VERONICA Echegui is doing something that's increasingly difficult for a generation of 20-something Spaniards: she's working non-stop.
At a time when the economically distressed European nation has a youth unemployment rate approaching 50 per cent, the in-demand 29-year-old Madrid-born actress is shooting movies back to back.
''My life is a little bit crazy,'' admits Echegui, who visited Melbourne to promote the annual La Mirada Film Festival in the brief break between switching locations from Canada to Mexico for a movie she's making with Latin American star Gael Garcia Bernal.
''I really wanted to be an actress, but suddenly it's all happened and I don't always know if I'm ready,'' Echegui adds. ''I'm learning while I'm working, so my point of view is that sometimes I do cool things and sometimes I make mistakes. You can't hide the mistakes, so I'm trying not to be too hard on myself.''
Echegui is often described as the ''next Penelope Cruz'', but that comparison stems more from similar looks than corresponding technique. Echegui has three titles in La Mirada, a survey of Spanish and Spanish-language cinema that opens tonight and runs until November 26, and each displays a notably different performance.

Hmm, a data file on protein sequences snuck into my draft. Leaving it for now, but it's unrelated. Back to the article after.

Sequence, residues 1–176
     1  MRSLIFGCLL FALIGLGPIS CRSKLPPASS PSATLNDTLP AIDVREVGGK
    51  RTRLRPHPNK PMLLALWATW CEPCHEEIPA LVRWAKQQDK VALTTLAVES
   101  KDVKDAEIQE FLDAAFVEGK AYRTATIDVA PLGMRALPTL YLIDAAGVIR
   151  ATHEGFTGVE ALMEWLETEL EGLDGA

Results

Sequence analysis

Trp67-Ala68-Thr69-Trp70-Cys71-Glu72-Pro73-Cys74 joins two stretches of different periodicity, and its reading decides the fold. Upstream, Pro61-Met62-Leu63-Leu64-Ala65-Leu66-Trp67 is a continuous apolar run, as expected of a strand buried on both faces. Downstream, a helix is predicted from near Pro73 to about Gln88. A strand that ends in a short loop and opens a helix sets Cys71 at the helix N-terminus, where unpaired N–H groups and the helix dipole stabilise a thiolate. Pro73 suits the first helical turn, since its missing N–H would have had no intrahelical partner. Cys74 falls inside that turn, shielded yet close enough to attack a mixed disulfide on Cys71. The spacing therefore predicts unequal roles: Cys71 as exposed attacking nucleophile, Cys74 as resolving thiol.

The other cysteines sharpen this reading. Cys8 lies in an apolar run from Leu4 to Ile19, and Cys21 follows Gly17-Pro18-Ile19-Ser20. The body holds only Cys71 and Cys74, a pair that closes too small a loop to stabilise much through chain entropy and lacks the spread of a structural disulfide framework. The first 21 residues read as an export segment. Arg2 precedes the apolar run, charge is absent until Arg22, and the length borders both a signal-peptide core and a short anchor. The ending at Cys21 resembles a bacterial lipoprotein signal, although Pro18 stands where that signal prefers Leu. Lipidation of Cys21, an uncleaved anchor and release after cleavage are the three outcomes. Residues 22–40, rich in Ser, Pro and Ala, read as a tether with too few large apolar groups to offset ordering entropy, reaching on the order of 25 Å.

In Roberto Perez Toledo's romantic drama Six Points about Emma Echegui plays a wilful and sexually confident blind woman, while for Manuel Martin Cuenca's sparsely atmospheric Half of Oscar she is a silent, recessive sibling circling her estranged brother, and in Iciar Bollain's Kathmandu Lullaby displays a forthright passion as a teacher trying to help abandoned children in Nepal.
The actress was on location for Lullaby in the Himalayan kingdom last year when the 15-M, or Indignants, protest movement sprang up in Spain's streets to oppose the status quo in Spanish politics and crippling austerity measures. Echegui wanted to join the millions of other Spaniards who marched, noting that the country's economic crisis is pervasive - friends with no hope of finding employment are emigrating, while the country's creatively buoyant film industry is struggling to pull together budgets.
According to Echegui the movies resulting from Spain's social upheaval are just starting to go into production, and while she has drawn Hollywood's attention with a role in the recent thriller The Cold Light of Day alongside Bruce Willis and new Superman Henry Cavill, she intends to be a part of them.
''My motivation,'' Echegui says, ''is to do the things I know that I still can't.''
La Mirada Film Festival opens today and runs until Monday November 26 at the Australian Centre for the Moving Image and Cinema Nova. See lamirada.org.au for details.